Injectable methylprednisolone will be given directly by a doctor or medical staff under the supervision of a doctor. This medicine can be given by injection into blood vessels, joints, muscles, or directly into the affected skin area.

For methylprednisolone tablets, it is best to consume it with food or milk to prevent heartburn . Swallow the tablet whole with a glass of water or milk.

If you forget to take a methylprednisolone tablet, it is recommended to take it immediately so you remember and pause with the next consumption schedule not too close. If it's close, ignore it and don't double the dose.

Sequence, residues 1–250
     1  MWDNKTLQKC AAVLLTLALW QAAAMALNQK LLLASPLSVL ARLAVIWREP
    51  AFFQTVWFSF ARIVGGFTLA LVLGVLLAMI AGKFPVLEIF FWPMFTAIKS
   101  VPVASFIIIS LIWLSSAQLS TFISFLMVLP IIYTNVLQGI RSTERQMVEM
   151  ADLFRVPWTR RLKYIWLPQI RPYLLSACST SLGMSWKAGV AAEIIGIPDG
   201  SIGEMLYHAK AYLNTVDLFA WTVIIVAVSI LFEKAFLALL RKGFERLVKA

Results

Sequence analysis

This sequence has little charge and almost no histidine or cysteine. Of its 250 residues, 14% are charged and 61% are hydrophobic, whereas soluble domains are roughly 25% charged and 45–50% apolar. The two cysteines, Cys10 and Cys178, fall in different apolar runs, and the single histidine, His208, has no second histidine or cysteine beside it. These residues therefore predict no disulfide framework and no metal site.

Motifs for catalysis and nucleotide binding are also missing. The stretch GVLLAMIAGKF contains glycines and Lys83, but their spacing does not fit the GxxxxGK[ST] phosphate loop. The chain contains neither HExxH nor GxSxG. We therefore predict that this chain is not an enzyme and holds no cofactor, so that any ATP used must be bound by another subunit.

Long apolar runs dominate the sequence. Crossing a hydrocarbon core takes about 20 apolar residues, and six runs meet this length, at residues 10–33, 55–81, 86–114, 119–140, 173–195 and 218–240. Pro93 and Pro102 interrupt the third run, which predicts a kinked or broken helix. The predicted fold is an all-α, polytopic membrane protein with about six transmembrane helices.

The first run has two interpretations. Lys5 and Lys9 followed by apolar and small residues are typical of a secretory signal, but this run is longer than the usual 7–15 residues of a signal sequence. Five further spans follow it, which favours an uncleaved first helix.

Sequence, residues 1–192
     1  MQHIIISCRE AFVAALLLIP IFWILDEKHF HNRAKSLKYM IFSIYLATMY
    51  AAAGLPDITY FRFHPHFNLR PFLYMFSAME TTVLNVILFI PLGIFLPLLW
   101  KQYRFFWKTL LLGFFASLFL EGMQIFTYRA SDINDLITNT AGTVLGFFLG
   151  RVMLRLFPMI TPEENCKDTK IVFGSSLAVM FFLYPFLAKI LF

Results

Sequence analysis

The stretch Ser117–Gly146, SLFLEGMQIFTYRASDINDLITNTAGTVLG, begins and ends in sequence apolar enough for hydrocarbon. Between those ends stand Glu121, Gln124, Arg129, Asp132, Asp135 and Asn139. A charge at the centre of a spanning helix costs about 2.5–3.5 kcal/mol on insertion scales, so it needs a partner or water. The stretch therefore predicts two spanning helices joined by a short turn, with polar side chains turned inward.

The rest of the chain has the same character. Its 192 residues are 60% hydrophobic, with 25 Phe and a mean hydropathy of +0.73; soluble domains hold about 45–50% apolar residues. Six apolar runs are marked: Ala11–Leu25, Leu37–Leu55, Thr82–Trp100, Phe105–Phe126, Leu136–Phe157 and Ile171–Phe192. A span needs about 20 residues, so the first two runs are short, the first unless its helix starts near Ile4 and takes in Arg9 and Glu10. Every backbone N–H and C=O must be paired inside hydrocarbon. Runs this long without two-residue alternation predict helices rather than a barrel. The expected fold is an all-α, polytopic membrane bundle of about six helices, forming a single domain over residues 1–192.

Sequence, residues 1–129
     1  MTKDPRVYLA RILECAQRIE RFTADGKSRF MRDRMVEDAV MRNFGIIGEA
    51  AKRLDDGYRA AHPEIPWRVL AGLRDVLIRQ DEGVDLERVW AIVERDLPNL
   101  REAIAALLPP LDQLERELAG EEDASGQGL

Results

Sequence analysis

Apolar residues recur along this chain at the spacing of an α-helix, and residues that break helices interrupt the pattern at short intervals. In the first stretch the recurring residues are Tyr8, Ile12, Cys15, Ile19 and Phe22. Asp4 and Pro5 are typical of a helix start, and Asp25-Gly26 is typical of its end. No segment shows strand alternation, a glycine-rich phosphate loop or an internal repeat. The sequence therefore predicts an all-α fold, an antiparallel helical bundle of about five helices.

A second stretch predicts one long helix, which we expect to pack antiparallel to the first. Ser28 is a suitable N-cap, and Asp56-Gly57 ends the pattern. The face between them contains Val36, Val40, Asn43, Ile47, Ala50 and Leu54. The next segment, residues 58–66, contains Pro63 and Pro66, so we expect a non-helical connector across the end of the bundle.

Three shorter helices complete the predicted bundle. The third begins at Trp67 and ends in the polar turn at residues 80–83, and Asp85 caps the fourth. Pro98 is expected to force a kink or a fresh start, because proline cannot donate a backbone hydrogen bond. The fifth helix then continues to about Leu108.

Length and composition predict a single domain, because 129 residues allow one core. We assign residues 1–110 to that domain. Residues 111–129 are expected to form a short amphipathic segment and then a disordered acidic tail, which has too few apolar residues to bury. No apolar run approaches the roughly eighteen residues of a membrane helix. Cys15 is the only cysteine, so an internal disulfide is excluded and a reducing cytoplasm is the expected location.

Do not stop treatment without first consulting a doctor. The doctor will lower the dose gradually to prevent symptoms from worsening.

Store methylprednisolone tablets in a closed container in a cool room. Do not store it in a damp place or exposed to direct sunlight. Keep this medicine out of the reach of children.

Interactions of Methylprednisolone with Other Drugs

The use of methylprednisolone with other drugs can cause some drug interaction effects, such as:

  • Increased risk of seizures if used with  ciclosporin
  • Increased risk of hypokalemia  if used with amphotericin B  or  diuretics
  • Increased risk of arrhythmia  if used with digoxin
  • Increased risk of digestive disorders if used with aspirin or nonsteroidal anti- inflammatory drugs
  • Increased risk of methylprednisolone side effects if used with ketoconazole , erythromycin , and estrogen , including birth control pills
  • Increased risk of side effects from warfarin drugs